Comedy Think Tank

Saturday, January 21, 2006

NEW YEAR'S RESOLUTIONS: Unsolicited, Unwanted, and Maybe-Even-Not-Very-Good Advice
(Jan. 9, 2005)
By Chad Morris

We probably all ate more than our share of candy after Halloween, gorged ourselves on Thanksgiving, and noticed that many of the Christmas pleasantries seemed to be high in sugar and fat (for example, a cup of eggnog has 17 grams of fat, 45 grams of sugar, 745 million calories, and 1/37 of an egg.). Therefore, tradition is that as the new year rolls in we all write long lists of resolutions. Of course, it is required by law for everyone to include either “lose weight” or “get in better shape” on that list (You never hear, “this year my resolution is to put bacon and cream cheese on everything”).

And to kick off all of our lofty resolutions we celebrated New Year’s Eve. Unless your goals included partying like a drunk sailor, eating handfuls of junk, and sleeping in past noon, you probably started the year off a little counterproductively.

Before writing anymore, I wanted a clear definition of what the word “resolution” meant. So I looked it up in the dictionary. The entry read,

resolution (n) A determined plan of action that . . . um . . . well . . . I started off strong there . . . but what was I doing? Let me get back to . . . Oh look, fudge!

No, seriously. The word resolution comes from the Latin resolutus which means “a plan of action one is determined to follow, unless you didn’t write it down. Then it was just a wish. So you might as well . . . Oh look, fudge!”

No, really seriously this time. We can do this. We can make goals and achieve them. Joan of Arc didn’t know the meaning of the word “quit.” Napolean never said die. Of course, that’s mostly because neither one of them spoke English. So they also didn’t know the meaning of the word “cross-dresser,” and never said, “I’m an egocentric conqueror”. But that doesn’t change the fact that we can do this.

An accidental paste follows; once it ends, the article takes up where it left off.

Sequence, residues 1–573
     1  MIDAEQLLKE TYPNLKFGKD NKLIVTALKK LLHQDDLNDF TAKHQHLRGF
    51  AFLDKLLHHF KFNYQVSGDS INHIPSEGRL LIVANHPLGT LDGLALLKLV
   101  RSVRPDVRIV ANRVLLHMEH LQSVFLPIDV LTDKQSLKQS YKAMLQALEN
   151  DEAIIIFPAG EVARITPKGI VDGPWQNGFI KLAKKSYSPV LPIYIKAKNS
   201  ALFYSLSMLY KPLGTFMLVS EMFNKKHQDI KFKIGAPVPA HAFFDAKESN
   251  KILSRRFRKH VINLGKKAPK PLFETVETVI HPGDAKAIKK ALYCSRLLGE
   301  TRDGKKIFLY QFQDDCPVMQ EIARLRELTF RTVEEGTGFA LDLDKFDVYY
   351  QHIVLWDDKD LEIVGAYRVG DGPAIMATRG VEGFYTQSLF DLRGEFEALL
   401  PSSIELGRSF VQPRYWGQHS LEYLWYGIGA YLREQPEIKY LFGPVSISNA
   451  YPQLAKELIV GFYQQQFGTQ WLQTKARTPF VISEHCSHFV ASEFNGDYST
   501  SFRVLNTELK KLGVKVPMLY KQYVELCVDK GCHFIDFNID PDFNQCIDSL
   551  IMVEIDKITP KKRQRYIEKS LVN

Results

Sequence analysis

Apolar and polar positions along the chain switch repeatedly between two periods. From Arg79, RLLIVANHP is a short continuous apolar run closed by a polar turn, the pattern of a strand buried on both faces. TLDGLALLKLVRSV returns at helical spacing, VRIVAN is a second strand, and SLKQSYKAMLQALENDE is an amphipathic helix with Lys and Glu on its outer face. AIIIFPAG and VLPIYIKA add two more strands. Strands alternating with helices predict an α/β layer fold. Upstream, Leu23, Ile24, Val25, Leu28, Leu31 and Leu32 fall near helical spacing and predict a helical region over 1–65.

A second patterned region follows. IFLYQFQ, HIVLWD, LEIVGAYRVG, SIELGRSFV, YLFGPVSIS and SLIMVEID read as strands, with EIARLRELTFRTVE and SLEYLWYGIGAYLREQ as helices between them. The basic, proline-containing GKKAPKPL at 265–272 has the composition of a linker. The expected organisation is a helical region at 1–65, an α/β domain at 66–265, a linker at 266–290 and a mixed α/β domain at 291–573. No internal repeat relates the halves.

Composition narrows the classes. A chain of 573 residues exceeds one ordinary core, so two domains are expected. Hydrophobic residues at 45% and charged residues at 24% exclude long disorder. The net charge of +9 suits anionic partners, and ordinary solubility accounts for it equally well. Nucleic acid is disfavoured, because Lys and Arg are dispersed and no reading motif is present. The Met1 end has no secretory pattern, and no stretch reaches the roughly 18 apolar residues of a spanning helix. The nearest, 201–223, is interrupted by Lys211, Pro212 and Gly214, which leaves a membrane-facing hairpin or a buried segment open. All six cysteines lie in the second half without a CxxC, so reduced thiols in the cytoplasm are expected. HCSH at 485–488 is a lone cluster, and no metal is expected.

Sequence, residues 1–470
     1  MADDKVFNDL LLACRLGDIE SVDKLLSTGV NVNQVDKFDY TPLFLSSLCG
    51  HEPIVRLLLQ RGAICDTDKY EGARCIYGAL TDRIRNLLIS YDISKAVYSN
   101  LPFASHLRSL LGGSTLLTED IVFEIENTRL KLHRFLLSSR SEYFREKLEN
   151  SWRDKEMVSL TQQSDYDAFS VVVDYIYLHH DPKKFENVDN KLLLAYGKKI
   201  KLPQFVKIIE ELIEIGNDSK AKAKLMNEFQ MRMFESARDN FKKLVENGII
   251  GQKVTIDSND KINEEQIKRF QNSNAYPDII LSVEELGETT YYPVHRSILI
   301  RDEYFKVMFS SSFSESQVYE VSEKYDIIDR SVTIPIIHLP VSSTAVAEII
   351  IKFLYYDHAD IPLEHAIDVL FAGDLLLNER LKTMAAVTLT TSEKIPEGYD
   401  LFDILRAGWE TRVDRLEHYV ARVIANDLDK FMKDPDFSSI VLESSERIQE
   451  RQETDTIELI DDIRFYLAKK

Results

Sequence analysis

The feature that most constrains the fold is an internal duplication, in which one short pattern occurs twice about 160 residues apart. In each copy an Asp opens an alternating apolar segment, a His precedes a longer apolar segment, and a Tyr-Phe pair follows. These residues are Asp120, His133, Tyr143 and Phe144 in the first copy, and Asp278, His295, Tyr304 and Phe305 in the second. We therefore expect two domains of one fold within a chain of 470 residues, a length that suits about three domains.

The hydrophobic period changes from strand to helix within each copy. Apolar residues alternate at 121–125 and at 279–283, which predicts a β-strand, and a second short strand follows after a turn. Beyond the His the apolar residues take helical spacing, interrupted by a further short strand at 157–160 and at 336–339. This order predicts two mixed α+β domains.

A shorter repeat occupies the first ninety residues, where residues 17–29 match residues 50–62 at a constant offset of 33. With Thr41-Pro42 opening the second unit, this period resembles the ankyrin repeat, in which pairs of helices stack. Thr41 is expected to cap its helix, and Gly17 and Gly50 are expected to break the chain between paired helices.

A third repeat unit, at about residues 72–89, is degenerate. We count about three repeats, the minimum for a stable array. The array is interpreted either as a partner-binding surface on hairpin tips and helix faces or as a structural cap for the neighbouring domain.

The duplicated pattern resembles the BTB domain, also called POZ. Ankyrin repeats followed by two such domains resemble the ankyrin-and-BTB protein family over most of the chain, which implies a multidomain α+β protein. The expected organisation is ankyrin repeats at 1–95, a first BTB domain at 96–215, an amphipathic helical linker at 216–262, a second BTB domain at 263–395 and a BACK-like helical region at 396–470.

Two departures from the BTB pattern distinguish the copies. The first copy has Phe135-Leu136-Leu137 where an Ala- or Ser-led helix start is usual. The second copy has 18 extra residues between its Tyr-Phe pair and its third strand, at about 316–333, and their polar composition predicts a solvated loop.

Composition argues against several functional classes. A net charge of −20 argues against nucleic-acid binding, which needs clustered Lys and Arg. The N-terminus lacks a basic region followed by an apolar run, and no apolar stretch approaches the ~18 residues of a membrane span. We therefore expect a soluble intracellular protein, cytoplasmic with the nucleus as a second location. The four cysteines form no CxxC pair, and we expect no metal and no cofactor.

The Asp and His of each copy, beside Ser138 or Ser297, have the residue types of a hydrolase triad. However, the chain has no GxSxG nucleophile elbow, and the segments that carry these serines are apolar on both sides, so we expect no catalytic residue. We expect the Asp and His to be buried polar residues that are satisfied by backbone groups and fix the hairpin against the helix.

Before we go planning out our 2006, I would like to warn you. When people think of self-improvement they are sometimes tempted to compare themselves to those around them. And if you’re like me, you have neighbors that play 5 different musical instruments, fix their own cars, have their PhDs, trim their hedges to portray famous people in history, exercise at least every hour, and in their spare time translate the unabridged Les Miserables into rare African dialects and hand stitch bandages for the lepers in Russia. I might have exaggerated a little, but they are relentlessly good! However, most of us have to realize that if we try to keep up with these people it will lead to a small family of hernias.

Therefore, I suggest simplifying things. As I was pondering this counsel, I was reminded of a true story. Once in Salt Lake City, Utah a woman sought Brigham Young’s advice. Someone told her to “go to hell” and she didn’t know what to do. The Mormon prophet's response was brief and wise and my inspiration for my resolution. He responded, “don’t.” I think that is some solid counsel. Therefore, no matter how long and exhaustive, or short and pathetic your list of resolutions is, I recommend “don’t go to hell” should be somewhere toward the top.

Anyway, as I say goodbye, remember to be tireless and determined. Winston Churchill said, “Never, never, no never give up.” And Confucius taught “A bird without vision is like a strand of seaweed floating aimlessly in a sea of . . . Oh look fudge!”

1 Comments:

  • I think your work really speaks subliminally to the soul of the lost. For those who are found are far more self dilusional. Keep up the work, and try to laugh more.

    By Blogger D.R.BROWN FAMILY, at 4:04 PM  

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